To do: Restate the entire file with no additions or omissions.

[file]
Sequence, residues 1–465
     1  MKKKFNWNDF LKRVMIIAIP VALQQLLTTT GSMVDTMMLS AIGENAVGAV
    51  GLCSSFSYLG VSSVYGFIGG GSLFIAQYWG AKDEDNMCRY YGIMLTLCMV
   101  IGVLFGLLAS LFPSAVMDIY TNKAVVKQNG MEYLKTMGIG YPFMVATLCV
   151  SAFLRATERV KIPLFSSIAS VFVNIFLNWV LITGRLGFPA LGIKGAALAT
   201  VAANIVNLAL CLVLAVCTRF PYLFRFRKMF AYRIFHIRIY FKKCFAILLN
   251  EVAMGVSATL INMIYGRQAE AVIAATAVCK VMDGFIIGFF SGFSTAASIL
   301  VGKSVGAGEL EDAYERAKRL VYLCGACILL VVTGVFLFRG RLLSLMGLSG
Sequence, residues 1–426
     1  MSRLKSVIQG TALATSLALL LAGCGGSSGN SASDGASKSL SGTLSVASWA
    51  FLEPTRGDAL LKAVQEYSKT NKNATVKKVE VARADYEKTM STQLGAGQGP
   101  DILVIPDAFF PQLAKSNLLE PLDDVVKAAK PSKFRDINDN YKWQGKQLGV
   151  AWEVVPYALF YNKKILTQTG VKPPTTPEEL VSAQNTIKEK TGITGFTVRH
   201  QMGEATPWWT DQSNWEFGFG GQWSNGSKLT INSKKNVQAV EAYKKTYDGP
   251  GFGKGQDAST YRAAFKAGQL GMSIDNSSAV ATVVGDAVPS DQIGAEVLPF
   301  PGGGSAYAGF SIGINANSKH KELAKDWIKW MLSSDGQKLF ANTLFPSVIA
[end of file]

Sequence, residues 1–465
     1  MKKKFNWNDF LKRVMIIAIP VALQQLLTTT GSMVDTMMLS AIGENAVGAV
    51  GLCSSFSYLG VSSVYGFIGG GSLFIAQYWG AKDEDNMCRY YGIMLTLCMV
   101  IGVLFGLLAS LFPSAVMDIY TNKAVVKQNG MEYLKTMGIG YPFMVATLCV
   151  SAFLRATERV KIPLFSSIAS VFVNIFLNWV LITGRLGFPA LGIKGAALAT
   201  VAANIVNLAL CLVLAVCTRF PYLFRFRKMF AYRIFHIRIY FKKCFAILLN
   251  EVAMGVSATL INMIYGRQAE AVIAATAVCK VMDGFIIGFF SGFSTAASIL
   301  VGKSVGAGEL EDAYERAKRL VYLCGACILL VVTGVFLFRG RLLSLMGLSG
Sequence, residues 1–426
     1  MSRLKSVIQG TALATSLALL LAGCGGSSGN SASDGASKSL SGTLSVASWA
    51  FLEPTRGDAL LKAVQEYSKT NKNATVKKVE VARADYEKTM STQLGAGQGP
   101  DILVIPDAFF PQLAKSNLLE PLDDVVKAAK PSKFRDINDN YKWQGKQLGV
   151  AWEVVPYALF YNKKILTQTG VKPPTTPEEL VSAQNTIKEK TGITGFTVRH
   201  QMGEATPWWT DQSNWEFGFG GQWSNGSKLT INSKKNVQAV EAYKKTYDGP
   251  GFGKGQDAST YRAAFKAGQL GMSIDNSSAV ATVVGDAVPS DQIGAEVLPF
   301  PGGGSAYAGF SIGINANSKH KELAKDWIKW MLSSDGQKLF ANTLFPSVIA